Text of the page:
Before any research begins on a target compound, Generative AI also can predict whether that compound will have negative side effects, known in the industry as toxicity, Sadeghi said. If toxicity levels will be unacceptable, researchers can discard the compound as a candidate before investing any resources in R&D.

Protein folding with Generative AI

For example, the drug used for 30 years to treat Fabry, a genetic disease that causes a wide range of disorders, including chronic pain, fatigue, and problems with the heart, kidneys and gastrointestinal system, was extremely toxic. As an example of Generative AI’s promise, Lucas Nivon, CEO and co-founder of Cyrus Biotechnology, points to Fabrazyme, which used Generative AI to develop a better formulation.

Nivon calls himself “an AI optimist, but also an AI realist.” AI technology, he said at Dassault Systèmes’ 2023 Science in the Age of Experience forum, has important limitations that must be acknowledged and worked on. Still, he is willing to predict that, “in 10 years, most biologics will be partly or completely designed by algorithmic methods.”

To accelerate the transition, Nivon and his team are developing OpenFold, which uses Generative AI to understand the complex structures of the proteins that are the basis of all biology. Untangling these structures is a first step in developing successful pharmaceutical treatments.

While others have already released commercial protein-folding solutions based on Generative AI, they haven’t released the data and assumptions used to train the AI, Nivon said. This makes it difficult for researchers to apply it to projects using their in-house research data, because they know too little about the algorithms that drive its functions.

By revealing the entire training and inference stack behind its tool, OpenFold says its mission “is to bring the most powerful software ever created – AI systems with the ability to engineer the molecules of life – to everyone. These tools can be used by academics, biotech and pharmaceutical companies, or students learning to create the medicines of tomorrow.” In addition, OpenFold aims “to accelerate basic biological research and bring new cures to market that would be impossible to discover without AI.”

The work has such promising potential that Sadeghi contacted Nivon about using OpenFold to expand BIOVIA’s Generative Therapeutic Design module beyond chemistry-based small molecules. The alliance is a win-win arrangement, Sadeghi said: BIOVIA users gain access to a Generative AI tool that speeds up its pharmaceutical customers’ research, and OpenFold gains insights into the types of challenges that BIOVIA’s pharmaceutical customers are seeking to solve, helping to prioritize its work.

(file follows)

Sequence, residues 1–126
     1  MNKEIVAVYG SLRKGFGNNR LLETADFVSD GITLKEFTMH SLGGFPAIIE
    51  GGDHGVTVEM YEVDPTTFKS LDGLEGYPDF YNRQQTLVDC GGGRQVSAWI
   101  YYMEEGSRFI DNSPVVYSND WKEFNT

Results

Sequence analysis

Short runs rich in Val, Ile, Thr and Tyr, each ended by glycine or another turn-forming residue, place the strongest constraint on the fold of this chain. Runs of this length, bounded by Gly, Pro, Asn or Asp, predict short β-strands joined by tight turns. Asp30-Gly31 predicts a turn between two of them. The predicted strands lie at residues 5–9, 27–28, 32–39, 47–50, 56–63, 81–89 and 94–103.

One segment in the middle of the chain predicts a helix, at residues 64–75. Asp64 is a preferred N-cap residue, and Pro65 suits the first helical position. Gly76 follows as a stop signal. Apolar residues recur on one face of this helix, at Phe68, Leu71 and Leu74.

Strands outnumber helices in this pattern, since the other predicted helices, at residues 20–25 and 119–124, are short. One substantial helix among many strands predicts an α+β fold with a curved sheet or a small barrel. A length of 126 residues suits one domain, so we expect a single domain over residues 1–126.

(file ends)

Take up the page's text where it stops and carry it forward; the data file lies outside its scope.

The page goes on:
“OpenFold is already integrated into one of our drug design experiences, which we will be releasing to the marketplace near the end of 2023,” Sadeghi said. “We’re also working with the OpenFold organization to bring more capabilities to its platform to address the types of biologics that we believe our customers need.”

Resolving weak spots of AI in healthcare

For now, the errors that AI can make means that researchers must validate most of its findings with traditional physics-based methods to prove the AI has worked properly.  Biased outputs, false results, and lack of insight into how AI arrives at its conclusions – a situation that non-proprietary approaches like OpenFold seek to combat – are common concerns today.

As the tools develop, however, and such issues are resolved, researchers will have to overcome their comfort levels with the tools they already know and move to the new methods, Sadeghi believes.

“When they see other companies bringing new treatments to market in two years instead of six, the economics will force them to change the way they work,” Sadeghi said. “The more success we have with AI, the more people will learn to trust it.”

The potential to accelerate the drug-discovery process is just too great to allow researchers to resist the change for long, he said.

“AI can reduce your process for identifying new candidate treatments from thousands of hours to 20 hours, and OpenFold can reduce that to two hours,” he said. “With pandemics, aging populations and underserved populations, that’s an improvement we must bring to fruition.”